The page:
Tuesday, June 9, 2009
The Accessories That Matter
Tripods, filters and other handy extras for enhancing your photography
All D-SLR manufacturers and some acces-sory manufacturers such as Ansmann (www.hpmarketingcorp.com) and Flashpoint (www.adorama.com) offer battery grips for midline models and some entry-level models. The grips offer two benefits: additional battery power (more shots in the field and sometimes a quicker shooting rate) and more comfortable shooting, particularly for vertical-format images and long-lens shooting. Pro D-SLRs don’t offer such grips because they’re built into those cameras.
If you’re going to shoot (or just scout subjects and locations) in harsh weather, you’ll want a good jacket that can handle the elements. Gore-Tex® Paclite Shell outerwear (www.gore-tex.com) “breathes” well, yet is wind- and waterproof with minimal weight and pack volume. Unlike many technical fabrics, Gore-Tex® fabrics don’t lose effectiveness with frequent washing. The secret? Each Gore-Tex® pore is 20,000 times smaller than a drop of water, so water can’t get in, yet each pore is also 700 times bigger than a water vapor molecule, so perspiration can get out.
It’s a fact that a tripod can hold a camera steadier than a photographer can. Besides preventing blur because of camera movement, a sturdy tripod will lock in your composition so you can examine it carefully and won’t accidentally change it as you squeeze off the shot. Thus, it will help you produce sharper and better-composed images.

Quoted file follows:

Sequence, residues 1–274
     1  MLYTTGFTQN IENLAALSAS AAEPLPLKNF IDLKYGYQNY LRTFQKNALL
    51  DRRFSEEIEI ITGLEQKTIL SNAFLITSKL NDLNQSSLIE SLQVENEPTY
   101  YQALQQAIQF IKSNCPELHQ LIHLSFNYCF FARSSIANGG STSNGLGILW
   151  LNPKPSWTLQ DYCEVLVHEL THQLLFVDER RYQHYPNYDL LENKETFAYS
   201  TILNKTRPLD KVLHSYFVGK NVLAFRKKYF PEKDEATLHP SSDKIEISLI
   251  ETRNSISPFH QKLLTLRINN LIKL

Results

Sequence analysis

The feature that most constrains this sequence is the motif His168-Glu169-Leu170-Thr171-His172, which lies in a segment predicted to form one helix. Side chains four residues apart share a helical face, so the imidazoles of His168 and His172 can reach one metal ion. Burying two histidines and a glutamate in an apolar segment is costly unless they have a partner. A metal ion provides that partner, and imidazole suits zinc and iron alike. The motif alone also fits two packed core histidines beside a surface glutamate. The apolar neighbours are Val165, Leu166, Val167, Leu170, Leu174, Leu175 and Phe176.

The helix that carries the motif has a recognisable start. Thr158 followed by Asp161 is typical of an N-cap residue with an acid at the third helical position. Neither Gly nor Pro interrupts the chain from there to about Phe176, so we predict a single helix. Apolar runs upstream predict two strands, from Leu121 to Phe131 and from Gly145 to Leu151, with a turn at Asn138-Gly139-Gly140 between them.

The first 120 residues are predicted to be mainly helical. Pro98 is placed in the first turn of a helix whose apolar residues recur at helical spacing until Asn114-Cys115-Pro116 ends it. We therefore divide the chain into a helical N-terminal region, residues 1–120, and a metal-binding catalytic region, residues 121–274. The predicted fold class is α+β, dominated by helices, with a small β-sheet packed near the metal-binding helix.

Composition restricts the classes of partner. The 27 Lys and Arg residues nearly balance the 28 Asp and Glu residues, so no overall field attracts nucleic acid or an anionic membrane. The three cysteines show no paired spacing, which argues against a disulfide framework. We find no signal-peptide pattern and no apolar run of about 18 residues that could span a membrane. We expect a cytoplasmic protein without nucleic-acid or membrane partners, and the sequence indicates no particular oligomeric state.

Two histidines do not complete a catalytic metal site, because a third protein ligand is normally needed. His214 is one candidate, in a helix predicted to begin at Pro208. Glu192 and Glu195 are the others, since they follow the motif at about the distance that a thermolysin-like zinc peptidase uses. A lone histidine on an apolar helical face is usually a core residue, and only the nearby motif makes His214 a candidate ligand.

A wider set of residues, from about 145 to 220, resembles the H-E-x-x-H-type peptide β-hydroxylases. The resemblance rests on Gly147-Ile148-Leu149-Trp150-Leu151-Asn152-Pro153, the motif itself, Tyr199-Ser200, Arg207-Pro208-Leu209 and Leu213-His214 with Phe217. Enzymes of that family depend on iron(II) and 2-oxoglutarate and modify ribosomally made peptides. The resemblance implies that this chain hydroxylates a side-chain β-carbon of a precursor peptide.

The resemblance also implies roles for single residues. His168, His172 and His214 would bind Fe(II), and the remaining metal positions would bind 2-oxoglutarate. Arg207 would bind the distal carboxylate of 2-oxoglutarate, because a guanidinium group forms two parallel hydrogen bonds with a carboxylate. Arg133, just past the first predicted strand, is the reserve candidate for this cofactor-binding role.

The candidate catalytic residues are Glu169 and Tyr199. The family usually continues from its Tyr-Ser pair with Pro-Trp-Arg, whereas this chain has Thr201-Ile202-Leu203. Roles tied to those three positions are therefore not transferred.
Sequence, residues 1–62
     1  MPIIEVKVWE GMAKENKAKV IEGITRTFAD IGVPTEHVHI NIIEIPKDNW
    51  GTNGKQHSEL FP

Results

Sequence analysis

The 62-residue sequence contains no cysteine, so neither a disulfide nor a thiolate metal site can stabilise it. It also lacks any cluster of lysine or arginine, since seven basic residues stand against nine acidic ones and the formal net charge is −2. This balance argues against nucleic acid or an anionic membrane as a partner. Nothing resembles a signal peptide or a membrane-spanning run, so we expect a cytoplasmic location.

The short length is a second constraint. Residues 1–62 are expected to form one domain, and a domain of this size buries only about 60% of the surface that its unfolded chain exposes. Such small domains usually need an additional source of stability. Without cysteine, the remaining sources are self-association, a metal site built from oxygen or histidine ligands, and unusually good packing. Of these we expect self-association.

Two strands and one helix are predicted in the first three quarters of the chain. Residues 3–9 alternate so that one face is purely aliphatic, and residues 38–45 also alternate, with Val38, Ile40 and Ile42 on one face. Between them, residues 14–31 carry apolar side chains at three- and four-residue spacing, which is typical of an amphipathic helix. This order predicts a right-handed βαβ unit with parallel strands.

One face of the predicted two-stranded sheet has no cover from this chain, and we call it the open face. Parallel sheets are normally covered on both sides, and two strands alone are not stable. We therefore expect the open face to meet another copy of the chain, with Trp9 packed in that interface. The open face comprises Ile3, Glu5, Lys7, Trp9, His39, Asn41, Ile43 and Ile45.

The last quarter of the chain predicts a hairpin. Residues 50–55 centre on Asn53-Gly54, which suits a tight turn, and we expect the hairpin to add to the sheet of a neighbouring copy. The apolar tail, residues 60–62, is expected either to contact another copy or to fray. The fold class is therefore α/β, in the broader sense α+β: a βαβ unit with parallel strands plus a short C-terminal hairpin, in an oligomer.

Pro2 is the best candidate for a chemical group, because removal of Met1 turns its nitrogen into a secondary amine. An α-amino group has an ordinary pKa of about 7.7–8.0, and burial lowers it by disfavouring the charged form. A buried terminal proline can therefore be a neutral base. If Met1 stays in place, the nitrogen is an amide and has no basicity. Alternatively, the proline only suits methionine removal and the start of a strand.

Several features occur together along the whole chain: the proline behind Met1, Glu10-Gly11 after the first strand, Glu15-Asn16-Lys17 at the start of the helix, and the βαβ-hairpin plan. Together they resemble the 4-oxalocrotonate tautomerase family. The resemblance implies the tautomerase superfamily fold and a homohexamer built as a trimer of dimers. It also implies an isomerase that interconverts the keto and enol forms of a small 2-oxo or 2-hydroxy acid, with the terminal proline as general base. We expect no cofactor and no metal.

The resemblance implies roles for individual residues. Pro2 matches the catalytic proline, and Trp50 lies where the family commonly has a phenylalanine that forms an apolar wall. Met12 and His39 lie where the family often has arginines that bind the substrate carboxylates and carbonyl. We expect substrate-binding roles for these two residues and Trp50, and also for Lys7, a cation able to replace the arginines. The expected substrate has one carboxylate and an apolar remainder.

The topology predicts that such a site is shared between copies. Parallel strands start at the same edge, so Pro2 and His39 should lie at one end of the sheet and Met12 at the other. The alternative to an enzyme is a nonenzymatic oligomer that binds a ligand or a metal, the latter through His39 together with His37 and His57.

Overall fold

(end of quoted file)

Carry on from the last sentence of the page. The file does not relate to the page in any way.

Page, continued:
Wooden tripods provide excellent vibration damping and are comfortable to handle in either hot or cold weather, but they’re fairly heavy. Aluminum tripods are relatively inexpensive and sturdy. Tripods made of carbon fiber and other exotic materials cost more, but are light as well as strong. Popular tripod makers include Benbo (www.patersonphotographic.com), Berlebach (www.hpmarketingcorp.com), Cullmann (www.rtsphoto.com), Davis & Sanford (www.tiffen.com), Flashpoint (www.adorama.com), Giottos (www.hpmarketingcorp.com), Gitzo (www.bogenimaging.us), Induro (www.indurogear.com), Manfrotto (www.bogenimaging.us), Novoflex (www.hpmarketingcorp.com), Really Right Stuff (www.reallyrightstuff.com), Slik (www.thkphoto.com) and Vanguard (www.vanguardusa.com).
If you want to mount the camera low, get a tripod that allows it because not all do. Or you can get a mini-tripod such as the Adorama Table Top ripod (www.adorama.com), Joby Gorillapods (www.joby.com), Really Right Stuff Ground-Level Tripod (www.reallyrightstuff.com) or Sunpak FlexPod Pro (www.tocad.com).
A monopod is a great alternative to a tripod, providing more steadiness than handholding the camera (especially when combined with in-lens or in-camera image stabilization), and they’re much easier to cart around. Many tripod manufacturers offer monopods. Monostat (www.monostat.us) offers a particularly effective one with a unique foot stabilizer that allows it to be tilted up to 60 degrees to the horizontal.
A shoulder pod such as the BushHawk (www.bushhawk.com) is great for steadying a long lens when photographing wildlife. You basically hold the unit like a rifle, with two-handed (plus shoulder) support. The unit is useful for close-up work, too. Also pictured from BushHawk is the Talon-Grip, which can be used to clamp a head to an object like a tree branch. Other manufacturers make similar clamping systems as well.
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